McDonald’s has agreed to end the use of polystyrene foam packaging globally by the end of this year, says shareholder advocacy group As You Sow. A proposal filed by As You Sow urging the company to phase out of polystyrene was supported by 32 per cent of shares voted in May 2017, the group says.
McDonald’s phased out foam cups for hot beverages in the US in 2012, but continued to use them in foreign markets like Hong Kong and the Philippines, high levels of these plastics have been found in waterways in those countries, As You Sow says. The fast food giant also continued to use foam for cold beverages and food trays in some US markets.
“Rarely recycled, expanded polystyrene foam used in beverage cups and takeout containers is a frequent component of beach litter, breaking down into indigestible pellets, which marine animals mistake for food, resulting in deaths of marine animals,” an As You Sow release claimed.
McDonald’s has posted a statement on its corporate website that it plans to eliminate foam packaging from its global system by the end of 2018.
The company said “the environmental impact of our packaging is a top priority” and that eliminating foam is an important step “that will continue to raise the bar for our system and our industry.”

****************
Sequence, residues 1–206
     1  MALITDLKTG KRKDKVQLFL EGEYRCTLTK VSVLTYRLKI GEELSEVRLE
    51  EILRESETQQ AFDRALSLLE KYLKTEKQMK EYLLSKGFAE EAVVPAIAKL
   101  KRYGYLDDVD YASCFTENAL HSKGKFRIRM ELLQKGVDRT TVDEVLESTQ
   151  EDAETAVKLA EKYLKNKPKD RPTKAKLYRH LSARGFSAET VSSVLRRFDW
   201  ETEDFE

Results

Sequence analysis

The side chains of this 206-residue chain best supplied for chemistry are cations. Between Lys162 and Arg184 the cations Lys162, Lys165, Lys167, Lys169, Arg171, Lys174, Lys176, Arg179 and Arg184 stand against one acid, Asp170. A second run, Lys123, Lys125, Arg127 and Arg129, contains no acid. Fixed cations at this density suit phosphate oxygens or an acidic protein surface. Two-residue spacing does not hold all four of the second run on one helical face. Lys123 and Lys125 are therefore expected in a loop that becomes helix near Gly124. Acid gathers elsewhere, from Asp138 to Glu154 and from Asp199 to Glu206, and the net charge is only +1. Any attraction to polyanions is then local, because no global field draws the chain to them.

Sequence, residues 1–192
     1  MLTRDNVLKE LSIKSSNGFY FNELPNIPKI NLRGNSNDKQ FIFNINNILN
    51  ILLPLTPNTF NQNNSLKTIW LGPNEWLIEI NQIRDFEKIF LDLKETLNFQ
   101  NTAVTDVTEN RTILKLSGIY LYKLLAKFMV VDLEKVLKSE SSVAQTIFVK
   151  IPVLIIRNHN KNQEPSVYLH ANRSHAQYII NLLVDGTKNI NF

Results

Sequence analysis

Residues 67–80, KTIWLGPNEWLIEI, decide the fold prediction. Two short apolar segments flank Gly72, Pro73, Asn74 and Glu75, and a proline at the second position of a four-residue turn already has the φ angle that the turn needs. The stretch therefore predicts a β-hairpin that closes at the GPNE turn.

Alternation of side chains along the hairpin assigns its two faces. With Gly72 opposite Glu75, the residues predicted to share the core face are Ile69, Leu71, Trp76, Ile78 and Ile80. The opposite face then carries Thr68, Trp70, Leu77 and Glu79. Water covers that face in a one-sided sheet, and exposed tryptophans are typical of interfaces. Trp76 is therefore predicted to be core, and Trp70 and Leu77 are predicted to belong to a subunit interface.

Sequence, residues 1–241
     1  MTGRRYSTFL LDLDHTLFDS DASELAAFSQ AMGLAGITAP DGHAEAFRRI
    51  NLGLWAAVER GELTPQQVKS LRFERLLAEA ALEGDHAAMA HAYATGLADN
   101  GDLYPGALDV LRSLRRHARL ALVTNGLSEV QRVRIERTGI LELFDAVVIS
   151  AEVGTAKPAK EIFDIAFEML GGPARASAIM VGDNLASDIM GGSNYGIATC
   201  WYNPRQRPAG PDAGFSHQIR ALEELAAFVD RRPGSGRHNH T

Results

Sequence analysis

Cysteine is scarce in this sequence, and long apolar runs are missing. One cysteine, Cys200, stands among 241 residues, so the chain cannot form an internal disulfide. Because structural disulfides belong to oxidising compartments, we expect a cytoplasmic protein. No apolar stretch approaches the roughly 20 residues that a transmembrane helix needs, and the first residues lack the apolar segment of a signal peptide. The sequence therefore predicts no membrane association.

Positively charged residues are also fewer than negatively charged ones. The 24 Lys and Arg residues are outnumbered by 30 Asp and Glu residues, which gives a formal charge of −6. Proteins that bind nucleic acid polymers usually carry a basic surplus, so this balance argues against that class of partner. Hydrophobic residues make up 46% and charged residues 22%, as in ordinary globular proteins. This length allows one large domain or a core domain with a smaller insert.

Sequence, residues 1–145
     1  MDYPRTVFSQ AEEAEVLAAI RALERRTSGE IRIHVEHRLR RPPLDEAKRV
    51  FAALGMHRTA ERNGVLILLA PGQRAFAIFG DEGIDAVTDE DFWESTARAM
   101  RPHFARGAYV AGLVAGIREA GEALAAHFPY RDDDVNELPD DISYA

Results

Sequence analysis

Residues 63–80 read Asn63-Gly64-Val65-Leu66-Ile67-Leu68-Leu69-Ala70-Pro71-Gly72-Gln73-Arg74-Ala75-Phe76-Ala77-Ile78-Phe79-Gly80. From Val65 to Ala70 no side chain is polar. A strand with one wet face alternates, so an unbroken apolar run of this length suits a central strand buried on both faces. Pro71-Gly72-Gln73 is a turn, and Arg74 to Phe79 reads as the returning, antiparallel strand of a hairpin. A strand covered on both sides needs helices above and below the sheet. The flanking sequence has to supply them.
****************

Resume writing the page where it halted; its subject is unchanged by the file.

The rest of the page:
Polystyrene has been widely used for single-use containers across the world for decades, but in recent years its negative environmental and health profile have led major companies to drop it.
Its hazardous constituent chemicals have been shown to accumulate water borne toxins in a short time frame, and the International Agency for Research on Cancer has determined that styrene, used in the production of polystyrene, is a possible human carcinogen.
Nine countries and more than 100 US cities or counties have banned or restricted foam packaging. Fifteen major brands including Coca-Cola Co, Danone, Dow Chemical, L’Oreal, Marks & Spencer, Mars, PepsiCo, Procter & Gamble, and Unilever recommended replacement of polystyrene foam as a packaging material in a report released in 2017 by the New Plastics Economy Project of the Ellen MacArthur Foundation.
This story was published with permission from The Environmental Leader.
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